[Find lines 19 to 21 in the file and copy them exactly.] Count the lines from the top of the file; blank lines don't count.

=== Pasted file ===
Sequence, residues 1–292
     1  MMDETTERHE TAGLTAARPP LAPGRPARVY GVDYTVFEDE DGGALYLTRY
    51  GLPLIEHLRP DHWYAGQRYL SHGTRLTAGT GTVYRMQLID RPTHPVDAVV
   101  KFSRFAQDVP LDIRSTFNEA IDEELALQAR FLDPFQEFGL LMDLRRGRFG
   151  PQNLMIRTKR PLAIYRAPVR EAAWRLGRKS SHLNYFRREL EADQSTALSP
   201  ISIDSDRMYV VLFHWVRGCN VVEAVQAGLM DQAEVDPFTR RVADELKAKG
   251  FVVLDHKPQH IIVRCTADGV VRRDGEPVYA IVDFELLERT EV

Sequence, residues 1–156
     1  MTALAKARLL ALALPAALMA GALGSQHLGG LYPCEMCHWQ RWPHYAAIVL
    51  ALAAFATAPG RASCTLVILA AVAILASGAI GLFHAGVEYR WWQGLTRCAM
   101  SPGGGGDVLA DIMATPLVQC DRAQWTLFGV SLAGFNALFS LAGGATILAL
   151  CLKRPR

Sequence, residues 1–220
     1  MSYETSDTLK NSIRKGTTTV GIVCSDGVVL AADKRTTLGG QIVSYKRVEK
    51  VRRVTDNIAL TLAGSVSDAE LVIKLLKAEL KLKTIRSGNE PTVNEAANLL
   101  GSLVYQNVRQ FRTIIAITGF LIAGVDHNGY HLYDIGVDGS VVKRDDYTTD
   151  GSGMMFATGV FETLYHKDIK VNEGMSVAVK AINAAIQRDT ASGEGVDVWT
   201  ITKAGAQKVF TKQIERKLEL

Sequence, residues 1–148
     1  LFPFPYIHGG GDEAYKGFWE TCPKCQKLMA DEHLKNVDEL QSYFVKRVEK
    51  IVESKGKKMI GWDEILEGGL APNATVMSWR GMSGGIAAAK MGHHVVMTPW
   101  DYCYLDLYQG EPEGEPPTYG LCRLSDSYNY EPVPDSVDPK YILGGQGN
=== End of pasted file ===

Sequence, residues 1–148
     1  LFPFPYIHGG GDEAYKGFWE TCPKCQKLMA DEHLKNVDEL QSYFVKRVEK
    51  IVESKGKKMI GWDEILEGGL APNATVMSWR GMSGGIAAAK MGHHVVMTPW